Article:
By Norman Knight
Leaving the interstate in southern Indiana and exiting onto State Road 56 heading east. Morning sun bright on trees dripping ice water on our windshield. Detour directs us to rural routes leading us even deeper into the country.
A succession of sagging outbuildings and dilapidated barns slowly being enveloped by nature; neat one-story brick homes with pick-ups in the driveways; rebel flags; abandoned tractors and rusty appliances; red and yellow plastic toys scattered in the dirt among broken house trailers that might or might not be occupied; small hilly fields with useless silos along the tree line.
Inching through main street stop lights in Madison, this rural town seems to be one that is surviving abandonment or, at the least, trying. Only a few boarded windows and faded signs along the main drag. A right angle leads to the bridge across the Ohio River just south of town. Barges hauling their loads just as barges have hauled loads since the beginning, back when the Ohio became a wide national highway.
Crossing into Kentucky. Except for the river, where are the borders? Becky accompanies me on my pilgrimage to the place of writer, poet, activist and farmer Wendell Berry. In 1978, while briefly residing in a communal hotel in the Rocky Mountains, I read his name attached to an essay in a pacifist magazine.
I followed up by buying, reading and furiously underlining his 1977 book, “The Unsettling of America: Culture and Agriculture.”
In it he argues that by causing small farms to go under, corporate agriculture (“Get big or get out,” advised Earl Butz, Nixon’s Secretary of the USDA) is destroying a timeless culture of small farms and small communities. More fundamentally, this idea of progress being synonymous with bigness is altering what it means to live as a complete human being. I never stopped reading him.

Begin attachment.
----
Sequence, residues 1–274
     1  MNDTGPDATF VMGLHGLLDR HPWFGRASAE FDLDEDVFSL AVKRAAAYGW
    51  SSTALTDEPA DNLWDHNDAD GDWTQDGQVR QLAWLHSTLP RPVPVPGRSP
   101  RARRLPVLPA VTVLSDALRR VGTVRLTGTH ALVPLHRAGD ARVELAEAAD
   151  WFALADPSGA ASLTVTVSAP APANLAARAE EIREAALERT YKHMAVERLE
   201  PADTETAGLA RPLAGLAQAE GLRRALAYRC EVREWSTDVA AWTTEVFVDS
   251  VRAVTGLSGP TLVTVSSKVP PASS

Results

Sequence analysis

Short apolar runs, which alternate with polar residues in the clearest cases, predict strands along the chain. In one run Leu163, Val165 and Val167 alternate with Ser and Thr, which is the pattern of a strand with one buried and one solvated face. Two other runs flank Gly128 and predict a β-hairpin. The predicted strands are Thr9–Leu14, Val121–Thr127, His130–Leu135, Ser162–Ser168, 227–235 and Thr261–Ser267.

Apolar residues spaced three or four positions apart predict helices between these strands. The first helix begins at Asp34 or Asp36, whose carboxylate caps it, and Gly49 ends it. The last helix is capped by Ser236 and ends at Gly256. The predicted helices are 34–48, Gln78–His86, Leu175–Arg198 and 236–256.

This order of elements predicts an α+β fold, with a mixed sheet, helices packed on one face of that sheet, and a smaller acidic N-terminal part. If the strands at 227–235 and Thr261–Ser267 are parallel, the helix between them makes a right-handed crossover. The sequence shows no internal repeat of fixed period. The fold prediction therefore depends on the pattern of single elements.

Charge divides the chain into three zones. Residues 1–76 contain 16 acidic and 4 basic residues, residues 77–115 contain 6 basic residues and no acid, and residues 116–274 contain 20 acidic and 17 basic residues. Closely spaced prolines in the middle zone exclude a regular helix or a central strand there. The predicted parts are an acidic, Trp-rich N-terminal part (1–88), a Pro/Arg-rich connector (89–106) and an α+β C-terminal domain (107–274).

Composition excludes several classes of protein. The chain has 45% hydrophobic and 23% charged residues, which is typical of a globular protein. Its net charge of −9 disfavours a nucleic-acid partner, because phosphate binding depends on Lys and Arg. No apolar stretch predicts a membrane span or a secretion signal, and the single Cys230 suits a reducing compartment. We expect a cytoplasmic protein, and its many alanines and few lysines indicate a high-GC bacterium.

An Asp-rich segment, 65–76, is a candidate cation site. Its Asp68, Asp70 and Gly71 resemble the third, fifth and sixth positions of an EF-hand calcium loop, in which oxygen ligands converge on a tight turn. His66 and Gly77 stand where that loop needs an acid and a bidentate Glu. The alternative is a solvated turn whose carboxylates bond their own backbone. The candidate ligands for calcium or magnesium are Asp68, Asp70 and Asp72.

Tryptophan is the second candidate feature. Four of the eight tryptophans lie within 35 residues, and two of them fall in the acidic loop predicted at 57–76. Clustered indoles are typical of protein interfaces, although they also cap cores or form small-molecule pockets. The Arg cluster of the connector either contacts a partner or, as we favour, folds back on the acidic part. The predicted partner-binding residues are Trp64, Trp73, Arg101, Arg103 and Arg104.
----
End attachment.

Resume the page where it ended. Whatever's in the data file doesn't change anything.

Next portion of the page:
New Castle, Kentucky. We arrived after following a twisting road that rises and falls according to the course of the river. The road seems part of the landscape, the local environment. Appropriate. These days we cut modern roads straight, we blast through mountains, nothing stands in our way. Efficient. And if the concrete ribbons and the changes they bring split through and split up the local cultures? Well, that’s progress.
At the Berry Center, Becky and I are the only visitors. The young woman at the bookstore is happy to talk with us. We three have a good, long conversation about the land and the importance of a sense of place. We talk about growing things and about food distribution. We talk about the roll of the Berry women and of all women in these things.
It comes out she is Wendell Berry’s granddaughter. I admit learning that made me secretly glad in a six-degrees-of-separation way. I also am positive Wendell Berry would never condone or encourage such hero worship. Through his work the reader meets a humble man.
From his granddaughter I bought his newest book, “The Art of Loading Brush: New Agrarian Writings.” In the introduction he defines agrarianism “as I understand it.”
Some of the tenets of this philosophy (?), way of life (?) include: the primacy of good use and care of the land as well as an understanding and respect for nature and her laws; the necessity of belonging to a place of one’s own, a need for family and community life and a sense of neighborliness; “a preference of enough over too much;” a “contempt of waste;” a respect for work; “… a preference for saving rather than spending” whether that be a household or a government; a suspicion of anything new — this wariness, he explains, “contradicts the ethos of consumerism and the cult of celebrity.” I am eager to finish it.
Becky and I say thank you and goodbye and then continue on our way up, down and along the winding roads of rural Kentucky.
We arrive in Frankfort, where we merge into the raging flow of interstate east-west traffic. Speeding through the cutouts in the mountains, I am imagining the peaceful country of Wendell Berry.
Norman Knight, a retired Clark-Pleasant Middle School teacher, writes this weekly column for the Daily Journal. Send comments to firstname.lastname@example.org.